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Modelling the climate, water and socio-economic drivers of farmer exit in the Murray-Darling Basin

Sarah Ann Wheeler (), Ying Xu and Alec Zuo
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Sarah Ann Wheeler: University of Adelaide
Ying Xu: University of Adelaide
Alec Zuo: University of Adelaide

Climatic Change, 2020, vol. 158, issue 3, No 17, 574 pages

Abstract: Abstract Absolute farm numbers all over the world have been decreasing over time, and in many countries, this is a source of concern for rural communities. In particular, the Murray-Darling Basin (MDB) in Australia has faced considerable change in the form of increased temperatures and drought severity, reduced irrigation water diversions, declining real agricultural commodity prices, and declining rural community services. This study applies spatial regression modelling at the regional level to assess the impact of weather, economic, and water factors on net farmer number changes over a 20-year period from 1991 to 2011, with climate risk measured using data from 1961 onwards. Our analysis suggests that the direct drivers of farmer exit in local areas were climatic (e.g. increases in maximum temperature and increased drought risk (through decreased long-term precipitation skewness and increased long-term precipitation kurtosis)) and socio-economic (e.g. decreases in commodity output prices, increased urbanisation and higher unemployment). Contrary to the current narrative, changes in irrigation water diversions and water trade movements had no significant impact on MDB farmer exit.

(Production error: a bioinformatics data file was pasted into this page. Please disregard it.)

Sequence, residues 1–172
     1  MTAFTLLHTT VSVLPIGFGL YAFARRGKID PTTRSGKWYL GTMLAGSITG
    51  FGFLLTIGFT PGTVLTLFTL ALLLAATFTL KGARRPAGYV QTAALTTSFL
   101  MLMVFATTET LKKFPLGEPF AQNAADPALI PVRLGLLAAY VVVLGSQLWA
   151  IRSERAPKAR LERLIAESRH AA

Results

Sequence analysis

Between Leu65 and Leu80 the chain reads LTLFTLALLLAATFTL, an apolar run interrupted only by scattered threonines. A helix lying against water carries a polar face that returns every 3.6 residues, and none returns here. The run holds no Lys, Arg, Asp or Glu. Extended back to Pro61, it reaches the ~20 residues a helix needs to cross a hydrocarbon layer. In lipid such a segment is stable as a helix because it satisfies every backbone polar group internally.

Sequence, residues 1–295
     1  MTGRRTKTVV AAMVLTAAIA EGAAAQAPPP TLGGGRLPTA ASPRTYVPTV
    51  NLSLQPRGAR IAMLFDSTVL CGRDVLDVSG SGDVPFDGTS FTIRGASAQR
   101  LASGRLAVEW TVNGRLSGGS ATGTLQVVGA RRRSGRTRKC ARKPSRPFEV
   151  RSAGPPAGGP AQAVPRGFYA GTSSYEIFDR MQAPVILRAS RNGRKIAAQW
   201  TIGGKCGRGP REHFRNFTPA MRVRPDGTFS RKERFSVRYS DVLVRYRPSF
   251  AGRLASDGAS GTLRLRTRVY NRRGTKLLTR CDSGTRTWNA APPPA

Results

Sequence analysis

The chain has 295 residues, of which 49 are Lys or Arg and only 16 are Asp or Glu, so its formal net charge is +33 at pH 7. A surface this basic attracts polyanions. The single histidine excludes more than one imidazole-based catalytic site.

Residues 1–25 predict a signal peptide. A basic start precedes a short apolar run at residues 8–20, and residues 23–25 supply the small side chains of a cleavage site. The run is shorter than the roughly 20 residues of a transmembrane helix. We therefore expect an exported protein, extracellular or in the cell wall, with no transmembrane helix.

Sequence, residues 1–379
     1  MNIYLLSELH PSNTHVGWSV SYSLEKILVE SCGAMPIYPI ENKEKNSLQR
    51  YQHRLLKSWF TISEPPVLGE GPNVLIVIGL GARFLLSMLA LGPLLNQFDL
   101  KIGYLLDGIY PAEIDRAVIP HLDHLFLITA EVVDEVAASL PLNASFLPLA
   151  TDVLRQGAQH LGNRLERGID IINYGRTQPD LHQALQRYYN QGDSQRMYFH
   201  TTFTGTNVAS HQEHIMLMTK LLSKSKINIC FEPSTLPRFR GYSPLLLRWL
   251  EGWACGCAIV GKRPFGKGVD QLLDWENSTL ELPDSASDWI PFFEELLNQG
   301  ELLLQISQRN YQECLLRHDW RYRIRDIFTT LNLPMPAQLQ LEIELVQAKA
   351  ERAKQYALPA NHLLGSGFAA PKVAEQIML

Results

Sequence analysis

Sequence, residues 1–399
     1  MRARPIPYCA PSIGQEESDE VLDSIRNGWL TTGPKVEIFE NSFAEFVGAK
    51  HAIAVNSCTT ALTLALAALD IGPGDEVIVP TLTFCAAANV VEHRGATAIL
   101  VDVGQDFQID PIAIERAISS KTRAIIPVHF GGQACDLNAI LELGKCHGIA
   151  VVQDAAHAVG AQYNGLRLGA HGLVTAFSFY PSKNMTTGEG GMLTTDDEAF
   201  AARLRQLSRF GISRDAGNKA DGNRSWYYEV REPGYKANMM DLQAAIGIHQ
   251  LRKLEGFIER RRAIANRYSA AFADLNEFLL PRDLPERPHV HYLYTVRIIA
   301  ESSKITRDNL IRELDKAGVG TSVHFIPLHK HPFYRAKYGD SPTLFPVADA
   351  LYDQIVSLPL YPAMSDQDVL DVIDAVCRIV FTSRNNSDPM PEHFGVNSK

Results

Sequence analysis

Keywords: Climate; Water diversions; Farm exit; Australia; Spatial Durbin model; Murray-Darling Basin Plan (search for similar items in EconPapers)
Date: 2020
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DOI: 10.1007/s10584-019-02601-8

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